So Father Christmas was rather good to me this year. I was gifted with a 10 gallon igloo cooler which has been retrofitted from my old 5 gallon setup. I knew that because of the increased size of the grain it could hold, that the temps I was using for strike water (the initial heated water poured into the mash tun) were going to change.
I wanted to brew something that would push it to it’s maximum right from the beginning. If I was to do just a pale ale or a stout, we probably wouldn’t get to see the variations in temp quite so drastically than if we did a big beer so I decided to do a medieval style beer: Barleywine!
Wait Wait wait! Back it up! Barleywine isn’t medieval. It was brewed in England in 1870 and marketed under the Bass brand name.
Au Contrare~ It’s mentioned as a beverage enjoyed by the Greeks (1) although you would be correct in the fact that the barleywine the English drank would have had hops in it.
|“||There were stores within of wheat and barley and vegetables, and wine made from barley in great big bowls; the grains of barley malt lay floating in the beverage up to the lip of the vessel, and reeds lay in them, some longer, some shorter, without joits; when you were thirsty you must take one of these into your mouth, and suck. The beverage without admixture of water was very strong, and of a delicious flavour to certain palates, but the taste must be acquired. (2)||”|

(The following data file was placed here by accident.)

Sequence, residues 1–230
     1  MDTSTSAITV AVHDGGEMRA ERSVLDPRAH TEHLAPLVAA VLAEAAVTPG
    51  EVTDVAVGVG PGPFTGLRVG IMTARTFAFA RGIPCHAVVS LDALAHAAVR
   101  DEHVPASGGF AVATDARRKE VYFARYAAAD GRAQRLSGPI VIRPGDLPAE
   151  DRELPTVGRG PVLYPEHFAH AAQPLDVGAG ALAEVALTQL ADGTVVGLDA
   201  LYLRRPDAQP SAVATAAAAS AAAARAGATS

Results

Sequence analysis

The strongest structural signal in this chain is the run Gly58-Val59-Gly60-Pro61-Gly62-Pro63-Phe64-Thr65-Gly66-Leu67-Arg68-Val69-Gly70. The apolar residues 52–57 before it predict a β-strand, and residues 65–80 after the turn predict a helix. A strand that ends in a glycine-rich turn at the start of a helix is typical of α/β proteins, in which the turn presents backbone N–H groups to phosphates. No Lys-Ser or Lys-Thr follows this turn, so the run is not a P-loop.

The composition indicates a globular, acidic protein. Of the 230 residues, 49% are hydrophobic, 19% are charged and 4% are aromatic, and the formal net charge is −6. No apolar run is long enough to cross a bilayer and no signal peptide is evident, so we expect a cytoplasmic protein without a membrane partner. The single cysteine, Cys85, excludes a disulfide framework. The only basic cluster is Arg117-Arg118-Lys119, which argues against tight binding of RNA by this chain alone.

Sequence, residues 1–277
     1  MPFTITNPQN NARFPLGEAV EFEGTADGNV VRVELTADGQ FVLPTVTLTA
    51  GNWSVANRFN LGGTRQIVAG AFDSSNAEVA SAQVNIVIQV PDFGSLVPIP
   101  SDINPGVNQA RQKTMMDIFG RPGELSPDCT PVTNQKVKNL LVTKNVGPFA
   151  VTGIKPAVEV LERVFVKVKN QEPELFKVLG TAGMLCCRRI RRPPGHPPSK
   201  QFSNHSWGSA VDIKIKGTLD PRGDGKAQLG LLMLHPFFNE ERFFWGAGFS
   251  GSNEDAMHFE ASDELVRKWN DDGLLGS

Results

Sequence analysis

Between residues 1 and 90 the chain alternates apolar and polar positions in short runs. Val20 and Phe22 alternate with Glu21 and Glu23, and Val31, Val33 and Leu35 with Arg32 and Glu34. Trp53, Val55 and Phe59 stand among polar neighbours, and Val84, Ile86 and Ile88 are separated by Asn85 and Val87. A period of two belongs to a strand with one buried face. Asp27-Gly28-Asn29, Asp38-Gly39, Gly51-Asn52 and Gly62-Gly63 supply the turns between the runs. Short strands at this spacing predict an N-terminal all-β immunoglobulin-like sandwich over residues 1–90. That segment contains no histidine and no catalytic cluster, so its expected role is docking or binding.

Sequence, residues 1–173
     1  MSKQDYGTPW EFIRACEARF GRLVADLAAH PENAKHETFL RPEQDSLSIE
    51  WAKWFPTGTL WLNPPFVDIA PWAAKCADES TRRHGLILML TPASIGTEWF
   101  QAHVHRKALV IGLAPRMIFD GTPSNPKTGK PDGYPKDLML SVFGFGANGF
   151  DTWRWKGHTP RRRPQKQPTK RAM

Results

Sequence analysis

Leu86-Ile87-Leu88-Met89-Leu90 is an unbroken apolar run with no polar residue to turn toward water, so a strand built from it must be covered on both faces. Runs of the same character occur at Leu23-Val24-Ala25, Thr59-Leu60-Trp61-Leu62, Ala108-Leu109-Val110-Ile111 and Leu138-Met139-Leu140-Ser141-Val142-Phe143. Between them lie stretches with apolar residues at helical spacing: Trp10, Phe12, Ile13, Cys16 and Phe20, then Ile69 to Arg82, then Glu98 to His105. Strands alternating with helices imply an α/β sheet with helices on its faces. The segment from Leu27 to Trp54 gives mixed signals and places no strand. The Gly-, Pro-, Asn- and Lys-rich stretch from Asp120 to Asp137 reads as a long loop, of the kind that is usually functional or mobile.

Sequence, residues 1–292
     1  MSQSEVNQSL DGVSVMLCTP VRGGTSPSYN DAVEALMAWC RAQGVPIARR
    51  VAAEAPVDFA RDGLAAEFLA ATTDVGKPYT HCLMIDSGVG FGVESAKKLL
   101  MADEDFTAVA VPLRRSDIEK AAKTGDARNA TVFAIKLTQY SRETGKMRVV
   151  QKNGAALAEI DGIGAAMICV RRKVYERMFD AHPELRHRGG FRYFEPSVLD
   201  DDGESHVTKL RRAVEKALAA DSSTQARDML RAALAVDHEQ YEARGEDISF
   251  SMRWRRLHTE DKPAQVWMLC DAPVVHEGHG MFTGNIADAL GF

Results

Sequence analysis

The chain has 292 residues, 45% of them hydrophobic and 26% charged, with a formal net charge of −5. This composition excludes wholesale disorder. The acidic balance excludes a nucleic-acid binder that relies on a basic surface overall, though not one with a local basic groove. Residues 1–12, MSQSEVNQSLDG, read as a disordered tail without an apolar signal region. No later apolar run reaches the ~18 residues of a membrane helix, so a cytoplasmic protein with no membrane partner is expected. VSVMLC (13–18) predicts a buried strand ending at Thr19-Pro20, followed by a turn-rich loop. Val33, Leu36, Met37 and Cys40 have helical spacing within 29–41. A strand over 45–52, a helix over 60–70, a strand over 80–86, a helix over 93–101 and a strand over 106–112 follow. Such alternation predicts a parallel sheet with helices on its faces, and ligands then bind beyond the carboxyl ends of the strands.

***Xenophon, Anabasis, 4.5.26, on Perseus
No documentation exists concerning the use of hops in beer during the Greek times but hop use was done as early as the 9th Century and predominately recognized as common use in the 15th Century. A canteen was found (recently) containing with beer and trace amounts of lupulin (the bittering and preservative in hops). More on that later.
The Greeks served the barleywine in Kraters (an urn like drinking cup)
For today however, we’re testing the new tun. And I’m wanting to age the batch. So hops are needed.
Our recipe is a simple SMaSH (Single Malt and Single Hop)
20 lb Marris Otter
10 oz Tetnanger Hops
Marris Otter malt is more of a European style pale malt and I’ve had success with it making barleywine before.
So the first thing we did was relocate the false bottom from the old 5 gallon mash tun to the new 10 gallon tun. This won’t be a permanent setup but it will work until the new one arrives. I also swapped the ball lock from the old tun.
Next we started the strike water with a goal of 185. Usually I used 175 but I figured the bigger batch would require more temp for greater volume.
After the water reached 185F I poured it into the barley. I was rather surprised to find the whole 8 gallons fit. The interesting part was the temp. I let the mash convert for 10 min and took a temp reading. It was low so I did a couple of recycles through so the water temp was more even.
After 5 quarts had been recycled through, the temps finally started showing the range I wanted. So that may be a regular task in the future.Now we let the mash tun do it’s work.
Time for a beer break
After 1 hr I drew off the wort and noticed that using the old false bottom allowed some of the grains through and at one point we had a stuck mash. It cleared easy enough.though.
After the final sparge I boiled the wort for 2.5 hrs and at the 60 min and 20 min mark I added the 3oz of hops.
The batch is now cooling and we’ll pitch the yeast tomorrow.
(2) Xenophon, Anabasis, 4.5.26, on Perseus